It's been years since I felt like a kid on Christmas morning, when I would wake up full of anticipation and wonder.  But today when I saw the e-mail in my inbox with my new book cover attached to it, I felt that way again.  I took a minute to savor the feeling before I opened the e-mail, and when I did, I was blown away.  (Left)  The artist did an amazing job!!  

The rest of the day I walked around in a happy daze.  When I got home, my husband asked me again if I had thought of anything I wanted for Christmas.  I answered him with a shoulder shrug.  I honestly want for nothing.  My family is healthy and happy.  We have a roof over our heads and food to eat.

In 2010 I accomplished one of my dreams - to become a published author.  For Christmas, it isn't what I'll be given that's important.  It's what I've accomplished.   

Monday, December 6, 2010

Supernatural Season Six Assessment

I love Supernatural.  I DVR every episode and anticipate when I can find time alone from my children to sit and watch the show.  Now that Season Six is half-way through, I have to comment.  I'll start with my only real dislike so we can end with the good stuff.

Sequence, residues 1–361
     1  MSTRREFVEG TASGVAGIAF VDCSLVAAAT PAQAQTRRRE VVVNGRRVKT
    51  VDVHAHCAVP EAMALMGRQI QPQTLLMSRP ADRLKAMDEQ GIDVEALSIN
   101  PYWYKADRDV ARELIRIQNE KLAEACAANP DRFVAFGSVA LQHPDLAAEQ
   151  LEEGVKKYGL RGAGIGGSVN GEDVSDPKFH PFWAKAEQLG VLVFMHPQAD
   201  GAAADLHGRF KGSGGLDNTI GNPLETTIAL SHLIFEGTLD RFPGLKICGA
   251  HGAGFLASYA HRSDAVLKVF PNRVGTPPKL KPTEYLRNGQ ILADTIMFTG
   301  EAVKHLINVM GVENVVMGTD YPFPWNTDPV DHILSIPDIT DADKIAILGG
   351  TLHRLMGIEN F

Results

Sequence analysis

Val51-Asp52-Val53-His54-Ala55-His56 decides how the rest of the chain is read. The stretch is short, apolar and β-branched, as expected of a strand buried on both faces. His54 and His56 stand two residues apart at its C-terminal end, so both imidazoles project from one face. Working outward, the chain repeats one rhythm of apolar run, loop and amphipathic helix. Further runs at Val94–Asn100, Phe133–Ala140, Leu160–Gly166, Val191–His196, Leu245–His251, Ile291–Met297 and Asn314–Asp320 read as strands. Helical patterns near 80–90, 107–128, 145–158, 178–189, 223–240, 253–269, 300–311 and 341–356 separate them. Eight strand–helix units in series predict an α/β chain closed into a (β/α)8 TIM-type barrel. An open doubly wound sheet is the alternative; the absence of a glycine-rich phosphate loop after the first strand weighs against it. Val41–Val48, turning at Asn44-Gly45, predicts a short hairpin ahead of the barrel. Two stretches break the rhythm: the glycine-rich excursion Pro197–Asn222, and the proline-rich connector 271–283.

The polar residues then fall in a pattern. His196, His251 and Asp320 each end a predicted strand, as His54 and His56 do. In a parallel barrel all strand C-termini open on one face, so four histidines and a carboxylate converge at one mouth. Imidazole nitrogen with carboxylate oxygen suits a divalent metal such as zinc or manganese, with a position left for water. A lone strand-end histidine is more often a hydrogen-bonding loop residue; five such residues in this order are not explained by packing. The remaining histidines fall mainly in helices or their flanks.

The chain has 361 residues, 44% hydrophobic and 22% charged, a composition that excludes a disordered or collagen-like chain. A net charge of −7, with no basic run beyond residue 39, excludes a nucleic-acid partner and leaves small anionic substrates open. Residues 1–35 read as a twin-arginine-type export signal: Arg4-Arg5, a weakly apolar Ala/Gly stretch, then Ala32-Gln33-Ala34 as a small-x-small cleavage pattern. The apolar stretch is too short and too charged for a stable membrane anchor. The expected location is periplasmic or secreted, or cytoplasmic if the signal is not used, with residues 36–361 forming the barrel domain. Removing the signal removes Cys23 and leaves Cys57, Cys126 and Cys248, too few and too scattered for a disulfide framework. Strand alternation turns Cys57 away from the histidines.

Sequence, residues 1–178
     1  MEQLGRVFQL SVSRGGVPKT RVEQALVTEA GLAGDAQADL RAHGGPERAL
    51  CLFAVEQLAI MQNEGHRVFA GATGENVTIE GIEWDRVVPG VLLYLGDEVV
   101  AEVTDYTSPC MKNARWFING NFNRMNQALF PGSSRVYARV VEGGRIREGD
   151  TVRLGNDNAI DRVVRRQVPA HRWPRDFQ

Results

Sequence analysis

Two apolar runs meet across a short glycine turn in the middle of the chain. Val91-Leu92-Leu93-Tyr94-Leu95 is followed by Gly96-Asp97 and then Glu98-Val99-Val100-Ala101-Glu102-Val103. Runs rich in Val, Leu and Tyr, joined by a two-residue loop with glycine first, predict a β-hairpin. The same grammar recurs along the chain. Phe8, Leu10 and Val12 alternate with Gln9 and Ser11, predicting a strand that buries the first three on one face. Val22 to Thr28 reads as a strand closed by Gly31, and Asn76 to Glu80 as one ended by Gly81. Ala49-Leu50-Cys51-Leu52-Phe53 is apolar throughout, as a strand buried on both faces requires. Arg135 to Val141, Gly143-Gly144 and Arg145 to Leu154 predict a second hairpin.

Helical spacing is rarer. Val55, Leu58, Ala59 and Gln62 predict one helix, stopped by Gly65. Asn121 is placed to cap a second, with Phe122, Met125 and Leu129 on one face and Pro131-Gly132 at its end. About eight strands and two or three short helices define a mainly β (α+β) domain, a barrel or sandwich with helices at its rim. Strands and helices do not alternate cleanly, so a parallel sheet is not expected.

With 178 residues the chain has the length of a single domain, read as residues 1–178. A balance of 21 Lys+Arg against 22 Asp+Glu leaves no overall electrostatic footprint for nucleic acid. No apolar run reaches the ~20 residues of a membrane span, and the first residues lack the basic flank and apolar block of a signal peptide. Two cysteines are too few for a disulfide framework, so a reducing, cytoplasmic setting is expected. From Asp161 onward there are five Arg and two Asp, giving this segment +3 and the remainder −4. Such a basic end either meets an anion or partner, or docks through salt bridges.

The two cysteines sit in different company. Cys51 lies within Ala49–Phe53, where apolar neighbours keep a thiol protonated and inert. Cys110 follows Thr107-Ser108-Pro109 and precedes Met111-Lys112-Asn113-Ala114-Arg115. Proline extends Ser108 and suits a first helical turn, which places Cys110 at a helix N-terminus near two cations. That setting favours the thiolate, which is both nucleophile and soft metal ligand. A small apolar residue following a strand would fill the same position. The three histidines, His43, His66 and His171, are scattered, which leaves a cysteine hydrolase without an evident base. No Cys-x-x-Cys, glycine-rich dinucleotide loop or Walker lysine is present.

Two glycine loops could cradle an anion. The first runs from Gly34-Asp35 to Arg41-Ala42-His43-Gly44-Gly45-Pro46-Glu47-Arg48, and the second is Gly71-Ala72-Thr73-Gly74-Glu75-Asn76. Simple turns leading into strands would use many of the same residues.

1)  I'm really not liking Samuel, and not just because he sold out Dean and Sam to Crowley.  I'm having a hard time believing that if he loves his daughter that much, he would do that to her sons.  Seems too shallow, for any character.  Maybe he and his namesake have something else in common - no soul.

2)  I've missed Castiel this season.  He was back in "Caged Heat," which aired last Friday night.  He was alternately naively funny "I learned that from the pizza man" and no-nonsense angel when he torched Crowley's bones.